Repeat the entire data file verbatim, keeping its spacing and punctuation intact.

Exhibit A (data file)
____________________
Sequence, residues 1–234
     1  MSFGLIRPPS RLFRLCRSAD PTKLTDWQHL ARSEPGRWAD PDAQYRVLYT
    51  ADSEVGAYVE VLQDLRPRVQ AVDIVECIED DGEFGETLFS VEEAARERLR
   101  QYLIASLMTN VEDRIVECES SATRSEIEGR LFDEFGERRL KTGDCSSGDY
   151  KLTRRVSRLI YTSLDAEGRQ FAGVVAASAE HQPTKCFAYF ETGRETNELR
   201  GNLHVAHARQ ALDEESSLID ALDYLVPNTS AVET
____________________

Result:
Sequence, residues 1–234
     1  MSFGLIRPPS RLFRLCRSAD PTKLTDWQHL ARSEPGRWAD PDAQYRVLYT
    51  ADSEVGAYVE VLQDLRPRVQ AVDIVECIED DGEFGETLFS VEEAARERLR
   101  QYLIASLMTN VEDRIVECES SATRSEIEGR LFDEFGERRL KTGDCSSGDY
   151  KLTRRVSRLI YTSLDAEGRQ FAGVVAASAE HQPTKCFAYF ETGRETNELR
   201  GNLHVAHARQ ALDEESSLID ALDYLVPNTS AVET